Village People 06: Fabio Salvador: Dad and Founder of Makers Department

Fabio Salvador is the founder and CEO of Makers Department, a wonderfully creative industrial design studio based in Hackney, East London. Fabio and his team have played a big part in bringing our GRASP innovations to life. He and his partner have one daughter and live in North East London. 

fabio salavador founder of makers department industrial design agency and his family

GRASP: What's your favourite part about being a Dad? What's been the most pleasant surprise?

Fabio: The best part is the simplicity of the relationship. It’s so simple. There’s no complexity and it’s so great to spend time with my daughter focusing on simple things.

GRASP: You're not native to the UK, both you and your partner have family overseas. How do you juggle life without extended family close by to support you?

Fabio: I think from the beginning both me and my partner wanted to be very present. So we never considered hiring or paying some service for some time. My partner decided to take the whole year off from work and that came from the luck of having a good employer. And I had the luck of being self employed so I could juggle my schedule with greater flexibility.

So we defined a semi-rigid schedule that helped us understand well when each of us would have spare time to do things like work. My partner was (and is still) doing a Masters degree so that helps quite a bit in defining a schedule and finding blocks of time for different things.

GRASP: You're managing your own business, your partner is a high-flying software engineer. What are the best parts and the most challenging parts of balancing work with raising kids? 

Fabio: So both of us are highly driven professionals. The situation for my partner is different because she has the stability of a job and that brings a good state of mind for us as a family in case something goes wrong with my more risky work.

I made the decision of replacing myself within my business with an employee. I knew that was a temporary situation, but I had to put work aside for some time even if that was going to have a financial impact. But I was willing to do that to prioritise this first stage of my daughters life.

GRASP: You live and breathe creativity in your work. How do you bring that into your home as well? How do you hope to inspire your kids' creativity from a young age? 

Fabio: Because I used to spend a lot of time at work, I wasn’t spending time on things outside of work that could actually benefit it. I used to do some exercise, but contemplation time was lacking. And one of the things I do with Amelia (my daughter) now, is go for long walks while she falls asleep and while we are outside for a break. And those walks have really helped me creatively work-wise.

I think in terms of bringing creativity home, we’re both very imaginative, quite resourceful and things come naturally to us in terms of getting Amelia into different things. We have our won take on how to engage Amelia into different activities. But we’re quite resourceful, we spend less money on toys and things like that.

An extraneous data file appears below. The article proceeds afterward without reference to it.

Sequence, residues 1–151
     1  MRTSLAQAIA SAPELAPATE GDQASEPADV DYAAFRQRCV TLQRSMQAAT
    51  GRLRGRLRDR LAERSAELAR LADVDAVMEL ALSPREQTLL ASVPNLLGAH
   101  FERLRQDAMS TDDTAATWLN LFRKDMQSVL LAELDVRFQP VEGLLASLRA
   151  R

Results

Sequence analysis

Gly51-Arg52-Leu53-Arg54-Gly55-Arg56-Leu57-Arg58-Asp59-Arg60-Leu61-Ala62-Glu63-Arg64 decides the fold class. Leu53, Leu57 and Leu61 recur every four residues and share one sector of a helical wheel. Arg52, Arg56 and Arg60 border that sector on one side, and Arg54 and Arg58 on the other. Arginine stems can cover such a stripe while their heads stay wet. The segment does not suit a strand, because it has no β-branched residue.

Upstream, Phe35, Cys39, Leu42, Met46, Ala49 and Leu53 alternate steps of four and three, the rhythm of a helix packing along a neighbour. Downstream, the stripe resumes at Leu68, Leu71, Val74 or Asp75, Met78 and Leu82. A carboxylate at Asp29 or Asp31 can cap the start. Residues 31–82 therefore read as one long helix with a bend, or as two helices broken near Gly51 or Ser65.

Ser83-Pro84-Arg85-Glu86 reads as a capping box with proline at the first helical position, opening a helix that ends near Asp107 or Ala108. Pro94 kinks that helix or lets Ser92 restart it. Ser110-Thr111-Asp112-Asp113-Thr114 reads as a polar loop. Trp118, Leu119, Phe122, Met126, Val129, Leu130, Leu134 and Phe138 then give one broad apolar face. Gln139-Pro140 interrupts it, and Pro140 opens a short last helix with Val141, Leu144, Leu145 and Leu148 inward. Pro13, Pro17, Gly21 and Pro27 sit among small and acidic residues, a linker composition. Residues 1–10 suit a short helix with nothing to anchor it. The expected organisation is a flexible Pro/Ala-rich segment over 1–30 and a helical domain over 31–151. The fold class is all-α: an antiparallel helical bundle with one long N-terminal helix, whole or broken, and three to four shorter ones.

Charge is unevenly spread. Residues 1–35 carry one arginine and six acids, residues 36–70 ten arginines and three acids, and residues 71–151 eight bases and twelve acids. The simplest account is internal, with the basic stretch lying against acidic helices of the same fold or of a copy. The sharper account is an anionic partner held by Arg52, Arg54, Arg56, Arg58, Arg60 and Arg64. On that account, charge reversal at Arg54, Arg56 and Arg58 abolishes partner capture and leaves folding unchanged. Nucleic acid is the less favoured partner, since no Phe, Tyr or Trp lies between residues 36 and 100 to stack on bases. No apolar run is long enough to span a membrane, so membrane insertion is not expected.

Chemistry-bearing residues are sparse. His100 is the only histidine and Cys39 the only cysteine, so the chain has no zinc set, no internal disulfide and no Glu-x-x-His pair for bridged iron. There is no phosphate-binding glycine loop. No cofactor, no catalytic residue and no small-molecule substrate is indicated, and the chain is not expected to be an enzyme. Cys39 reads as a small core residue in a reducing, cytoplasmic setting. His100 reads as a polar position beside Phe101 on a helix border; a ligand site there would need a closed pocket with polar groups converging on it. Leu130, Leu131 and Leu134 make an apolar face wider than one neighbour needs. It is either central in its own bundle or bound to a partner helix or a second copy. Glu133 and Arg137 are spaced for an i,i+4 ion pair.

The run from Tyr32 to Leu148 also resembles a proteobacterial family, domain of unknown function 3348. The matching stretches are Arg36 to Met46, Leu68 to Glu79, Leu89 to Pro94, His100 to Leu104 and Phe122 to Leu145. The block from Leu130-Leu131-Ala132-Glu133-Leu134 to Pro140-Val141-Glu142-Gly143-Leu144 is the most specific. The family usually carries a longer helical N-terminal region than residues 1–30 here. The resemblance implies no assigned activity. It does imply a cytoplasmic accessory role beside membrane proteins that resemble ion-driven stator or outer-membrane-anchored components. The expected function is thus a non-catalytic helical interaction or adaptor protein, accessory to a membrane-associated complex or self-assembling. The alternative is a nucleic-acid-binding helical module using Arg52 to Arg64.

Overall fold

We’re also highly aware of sustainability so we end up using a lot of things other people wouldn’t use and we’re quite minimalist about that. I think Amelia interacts a lot with us due to the way we engage with her creatively. We can always find new ways to get her attention.

GRASP: You're definitely a practice what you preach kind of person when it comes to sustainability. How do you handle that with children in the mix as well? What are some of the most impactful steps you think all families could take towards sustainability?

Fabio: The first decision we made was to invest in re-useable nappies. Definitely the biggest investment we made. After our research, we figured the spending of energy with the washing machine would have a big impact, so we took tumble dryer out of the equation. But as long as you don’t tumble dry re-useable nappies it should be good. That’s been quite impactful. We also use a lot of washable wipes and we get Amelia involved in using re-useable wet wipes to clean herself.

I think in general families could take on fashion as well. We mostly buy re-useable stuff, we try and bring our families into that conversation, getting them to prioritise buying second hand stuff and give us second hand stuff to give new life. 

We also try to manage Amelia’s preconceptions that people have around re-using and recycling. That’s been interesting as well. I think detachment for her has been an important part of her education. So we would have the idea that it’s just a toy, not your toy, that you can play with. This detachment from ownership is also something that we try and bring some relativity to. Not making toys such an important thing, but are temporary and enjoyable part of play, but not part of ownership which has been interesting to work on as well.


They say it takes a village to raise a child. All the big and small inputs different grown ups have in a child’s life - from grandparents to playgroup leaders to the lady at the checkout - shape how kids grow up to see the world. Who makes up this village is different from family to family, and even child to child. What the people in this ‘village’ offer and model to the kids in their lives is more diverse still. This series shines a light on the different kinds of people that make up the villages around us!

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